‘Studio Group’ is a regular Art Academy activity, exploring new possibilities for how, when and where artwork is made, and questioning the traditional role of the artists studio in this process. Temporary group ‘studio’ sessions are sited in unorthodox settings, often in public space, and are followed by a discussion and sharing of the work that each person has made during the time.




Monday, 19 May 2014

Active Curating May 6th

The second active curating session took place on Tuesday 6th May. As had been previously suggested, this session took place over the course of just one evening and following the format of an unconventional sort of game. Most people who attended brought an artwork or two, and everyone took turns at being “the curator”. Curators were allowed to move a certain number of the artworks (decided by roll of dice, or if you have no dice, numbers generated by lucky dip from hastily scribbled pieces of paper in an envelope). The curator has a strictly enforced 5 minutes to complete their moves. Then it is the turn of the next curator, who can move as many of the pieces of work as specified on their piece of paper, except one that the previous curator has nominated as unmovable for the duration of the next turn.


Despite the relatively small number of people who attended this session, which in turn made for a small number of artworks, the session was deemed a success, as it did throw up some interesting combinations and juxtapositions of work. We had a couple of small lamps and an old fashioned projector which were used to light the artworks dramatically and which really enhanced the overall effects we were able to produce.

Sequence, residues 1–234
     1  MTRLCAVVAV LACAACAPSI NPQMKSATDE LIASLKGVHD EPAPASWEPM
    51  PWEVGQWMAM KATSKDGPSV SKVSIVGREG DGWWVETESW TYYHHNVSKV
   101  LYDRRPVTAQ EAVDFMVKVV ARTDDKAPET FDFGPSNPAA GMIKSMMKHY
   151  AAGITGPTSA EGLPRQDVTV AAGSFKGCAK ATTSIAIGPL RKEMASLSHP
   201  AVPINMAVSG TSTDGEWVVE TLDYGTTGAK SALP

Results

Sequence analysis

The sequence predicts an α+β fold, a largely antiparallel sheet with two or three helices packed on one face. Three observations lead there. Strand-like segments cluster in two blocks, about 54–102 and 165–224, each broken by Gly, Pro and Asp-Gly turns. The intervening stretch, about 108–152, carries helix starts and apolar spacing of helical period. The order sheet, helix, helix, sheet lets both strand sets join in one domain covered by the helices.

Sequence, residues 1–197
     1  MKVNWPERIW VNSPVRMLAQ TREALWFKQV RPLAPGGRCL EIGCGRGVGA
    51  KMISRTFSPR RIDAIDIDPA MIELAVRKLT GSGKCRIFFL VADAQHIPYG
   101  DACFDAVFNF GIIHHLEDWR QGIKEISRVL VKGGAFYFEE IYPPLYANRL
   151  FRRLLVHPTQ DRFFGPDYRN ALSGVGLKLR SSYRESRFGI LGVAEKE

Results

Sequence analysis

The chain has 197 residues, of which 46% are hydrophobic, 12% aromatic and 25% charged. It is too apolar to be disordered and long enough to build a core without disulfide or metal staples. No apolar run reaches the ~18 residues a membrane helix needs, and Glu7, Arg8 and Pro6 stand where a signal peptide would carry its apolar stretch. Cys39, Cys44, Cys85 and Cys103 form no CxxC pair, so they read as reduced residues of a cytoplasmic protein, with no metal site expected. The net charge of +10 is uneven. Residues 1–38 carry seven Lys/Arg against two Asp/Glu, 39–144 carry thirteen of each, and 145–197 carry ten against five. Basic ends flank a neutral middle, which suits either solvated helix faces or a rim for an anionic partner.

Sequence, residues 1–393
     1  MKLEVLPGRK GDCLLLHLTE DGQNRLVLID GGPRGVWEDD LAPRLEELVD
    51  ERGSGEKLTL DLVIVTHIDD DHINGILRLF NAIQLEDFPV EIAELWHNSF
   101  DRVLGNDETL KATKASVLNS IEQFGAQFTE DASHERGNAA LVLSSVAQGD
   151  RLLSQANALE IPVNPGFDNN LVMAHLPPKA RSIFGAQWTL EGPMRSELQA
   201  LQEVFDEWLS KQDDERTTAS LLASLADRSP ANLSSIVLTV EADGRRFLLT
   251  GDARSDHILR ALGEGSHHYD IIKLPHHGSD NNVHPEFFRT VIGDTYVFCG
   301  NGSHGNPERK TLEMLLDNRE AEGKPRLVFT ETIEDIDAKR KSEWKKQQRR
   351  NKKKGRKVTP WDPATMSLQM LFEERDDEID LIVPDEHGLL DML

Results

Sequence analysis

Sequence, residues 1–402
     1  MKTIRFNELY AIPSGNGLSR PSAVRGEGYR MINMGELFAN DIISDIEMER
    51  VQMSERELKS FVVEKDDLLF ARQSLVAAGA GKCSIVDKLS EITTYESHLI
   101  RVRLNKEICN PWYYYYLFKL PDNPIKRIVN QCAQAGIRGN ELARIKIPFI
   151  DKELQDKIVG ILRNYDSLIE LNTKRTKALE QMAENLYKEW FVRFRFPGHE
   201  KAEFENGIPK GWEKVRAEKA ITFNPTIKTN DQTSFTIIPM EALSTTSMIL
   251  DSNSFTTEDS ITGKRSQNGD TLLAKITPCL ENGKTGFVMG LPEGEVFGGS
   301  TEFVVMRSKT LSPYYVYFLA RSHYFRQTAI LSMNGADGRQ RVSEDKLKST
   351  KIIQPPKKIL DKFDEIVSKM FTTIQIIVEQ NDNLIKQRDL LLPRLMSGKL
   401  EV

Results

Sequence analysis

After everyone present had had two turns at being the curator (we had by the end also introduced the idea of the curator’s assistant, for handling tricky shaped artworks or heavy props such as tables), we declared the session finished. Afterwards we had an interesting discussion about what the focus of the activity had been, were we hoping to arrive at the best possible placement for each work of art? How would it be possible to reach a consensus on what that would be? Could the rules be tinkered with in such a way that it would aid the achievement of these goals? In this way, the session raised some interesting possibilities about how active curating could proceed in the future.